“It’s a hip-hop world right now,” Brooks said. “I grew up during the beginning of the big splash. And I like some of it. So I thought it would be a cool idea to get a nice groove and throw in some of that, but keep the authenticity of the blues in there.”
Brooks began playing the guitar at the age of 6, but he spent much of his youth playing basketball and doing other things with his friends. He says for a while he didn’t appreciate the blues, and for a greater amount of time neither did his friends. Those are the ones who now ask for back-stage passes.
One of the bluesmen who came to the Brooks’ house was Wayne Bennett, the guitar player for Bobby “Blue” Bland. He taught the youngster how to play “Hideway.” As an adult, Brooks sat in with Bobby “Blue” Bland.
“He saw me playing and he couldn’t believe it,” Brooks said. “He said, ‘Oh my god, I remember you when you were a little baby.’ I played ‘Hideway’ for him and it was a proud moment. When I was younger I didn’t realize how important Wayne Bennett was to the blues.”
Brooks learned a valuable lesson about performing from Collins. He told the story about a memorable concert at which Collins also played.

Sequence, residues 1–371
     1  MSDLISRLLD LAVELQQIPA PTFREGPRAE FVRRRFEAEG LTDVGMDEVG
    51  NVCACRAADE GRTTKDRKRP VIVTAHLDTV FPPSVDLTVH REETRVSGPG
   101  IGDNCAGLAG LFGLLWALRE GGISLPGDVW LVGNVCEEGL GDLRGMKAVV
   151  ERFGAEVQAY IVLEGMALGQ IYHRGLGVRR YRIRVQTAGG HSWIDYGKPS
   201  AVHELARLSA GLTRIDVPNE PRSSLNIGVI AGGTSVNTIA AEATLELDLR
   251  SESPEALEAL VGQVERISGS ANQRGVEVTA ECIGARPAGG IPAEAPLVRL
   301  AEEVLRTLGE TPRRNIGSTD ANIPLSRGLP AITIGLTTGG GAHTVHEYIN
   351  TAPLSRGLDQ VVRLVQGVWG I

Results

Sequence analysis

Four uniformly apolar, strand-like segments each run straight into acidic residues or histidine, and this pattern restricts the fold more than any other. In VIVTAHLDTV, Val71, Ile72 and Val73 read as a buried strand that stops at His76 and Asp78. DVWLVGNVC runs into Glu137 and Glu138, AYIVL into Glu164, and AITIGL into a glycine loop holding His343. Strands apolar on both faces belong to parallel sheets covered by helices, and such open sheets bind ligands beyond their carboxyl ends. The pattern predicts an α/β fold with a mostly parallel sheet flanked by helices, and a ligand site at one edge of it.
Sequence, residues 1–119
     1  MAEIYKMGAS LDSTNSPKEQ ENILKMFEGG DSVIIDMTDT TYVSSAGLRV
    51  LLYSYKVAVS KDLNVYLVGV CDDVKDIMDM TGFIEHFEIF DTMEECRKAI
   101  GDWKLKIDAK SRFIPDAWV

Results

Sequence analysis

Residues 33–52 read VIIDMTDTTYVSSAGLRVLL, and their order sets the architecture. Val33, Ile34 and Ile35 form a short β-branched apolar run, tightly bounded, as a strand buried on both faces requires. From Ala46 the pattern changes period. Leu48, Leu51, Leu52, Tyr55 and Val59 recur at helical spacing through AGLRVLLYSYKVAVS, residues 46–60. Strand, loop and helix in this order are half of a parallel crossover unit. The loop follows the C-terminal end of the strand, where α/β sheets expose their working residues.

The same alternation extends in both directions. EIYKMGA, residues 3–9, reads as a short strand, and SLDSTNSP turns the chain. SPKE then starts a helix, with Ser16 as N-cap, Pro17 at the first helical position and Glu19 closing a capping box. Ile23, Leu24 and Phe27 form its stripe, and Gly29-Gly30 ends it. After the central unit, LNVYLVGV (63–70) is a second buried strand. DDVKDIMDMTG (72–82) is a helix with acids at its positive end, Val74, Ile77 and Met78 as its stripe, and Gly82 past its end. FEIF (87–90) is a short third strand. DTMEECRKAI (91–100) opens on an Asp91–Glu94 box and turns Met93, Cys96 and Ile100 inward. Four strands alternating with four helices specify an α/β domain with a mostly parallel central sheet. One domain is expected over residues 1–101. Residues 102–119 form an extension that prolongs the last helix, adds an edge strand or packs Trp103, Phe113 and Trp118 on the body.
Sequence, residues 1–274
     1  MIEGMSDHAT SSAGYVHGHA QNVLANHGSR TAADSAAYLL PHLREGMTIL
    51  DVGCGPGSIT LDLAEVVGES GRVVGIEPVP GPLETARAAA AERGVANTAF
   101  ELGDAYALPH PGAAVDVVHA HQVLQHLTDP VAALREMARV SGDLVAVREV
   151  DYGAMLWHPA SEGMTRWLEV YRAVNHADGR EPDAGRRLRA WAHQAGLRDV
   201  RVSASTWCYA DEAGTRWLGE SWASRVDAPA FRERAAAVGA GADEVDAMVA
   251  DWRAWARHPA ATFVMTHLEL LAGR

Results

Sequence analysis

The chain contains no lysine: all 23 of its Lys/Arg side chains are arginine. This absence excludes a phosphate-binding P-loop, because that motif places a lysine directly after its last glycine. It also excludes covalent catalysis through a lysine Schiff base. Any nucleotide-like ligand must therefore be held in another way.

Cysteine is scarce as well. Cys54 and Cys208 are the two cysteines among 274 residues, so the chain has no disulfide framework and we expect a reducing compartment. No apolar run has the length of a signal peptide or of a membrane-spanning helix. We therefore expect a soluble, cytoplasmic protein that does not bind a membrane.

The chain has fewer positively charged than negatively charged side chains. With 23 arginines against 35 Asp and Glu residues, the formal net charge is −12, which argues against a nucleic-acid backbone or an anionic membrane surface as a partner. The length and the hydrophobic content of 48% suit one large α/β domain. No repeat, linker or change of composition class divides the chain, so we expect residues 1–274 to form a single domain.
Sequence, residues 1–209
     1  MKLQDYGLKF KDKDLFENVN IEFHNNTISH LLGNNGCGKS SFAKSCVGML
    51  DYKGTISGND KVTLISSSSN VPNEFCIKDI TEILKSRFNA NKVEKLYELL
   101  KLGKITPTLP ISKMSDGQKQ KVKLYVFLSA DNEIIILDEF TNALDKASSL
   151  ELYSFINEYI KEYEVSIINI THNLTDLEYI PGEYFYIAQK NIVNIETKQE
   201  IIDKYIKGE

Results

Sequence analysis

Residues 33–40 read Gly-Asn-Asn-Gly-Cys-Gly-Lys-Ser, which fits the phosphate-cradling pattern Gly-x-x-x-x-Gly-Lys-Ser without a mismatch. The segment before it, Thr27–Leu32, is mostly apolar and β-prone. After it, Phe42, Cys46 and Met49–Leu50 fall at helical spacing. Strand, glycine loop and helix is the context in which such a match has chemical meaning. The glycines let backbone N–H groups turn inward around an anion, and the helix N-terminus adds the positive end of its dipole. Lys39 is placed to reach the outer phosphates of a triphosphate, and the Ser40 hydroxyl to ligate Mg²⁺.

“One time we were in L.A. doing a show and I was messing up and Albert was looking at me,” Brooks said. “He grabbed me and said ‘Boy, don’t nobody know you’re messing up but you.’ He said, ‘You quit frowning up there.’ Because, when I mess up I frown and get mad at myself. He said ‘Next time, smile.’ And I tried that and you know it’s true. Nobody knows your messing up at times but you. So he helped me build confidence in myself.”
Bound for Lake Tahoe
Brooks has earned the respect of the old-school bluesmen.
Before a recent appearance at the Crystal Bay Casino, Chicago slide guitarist Ed Williams of Lil’ Ed and the Imperials was asked if there were any new, young blues players he liked.
“Two who I have noticed are Ronnie Baker Brooks and Wayne Baker Brooks,” Lil’ Ed said.
Brooks will play Oct. 27 at Harrah’s Lake Tahoe with a show called The Legendary Rhythm & Blues Revue Tour. The show is presented by Tommy Castro and his band and includes saxophone/pianist Deanna Bogart and harmonica player Magic Dick, formerly of the J. Geils Band. Brooks is the final member who comes on stage as the show reaches a rockin’ peak.
“Ronnie Baker Brooks is a bona fide member of Chicago blues royalty,” said Castro, who selected all the members of the tour. “He literally inherited blues from his father.”
Lonnie Brooks continues to tour and record but sadly many, many bluesmen have died in recent years, including Collins, Bennett and Kent.
Ronnie Baker Brooks knew them all and keeps them immortalized in his latest album. The title “Torch of the Blues” could be a tip of the hat to Bennett, who played on Bland’s 1967 album “Touch of the Blues,” and there is a clear homage to Kent, who penned the classic “Born In The Delta,” on his opening track, a blues-rock anthem, “Born in Chicago.”
The young man has done his homework.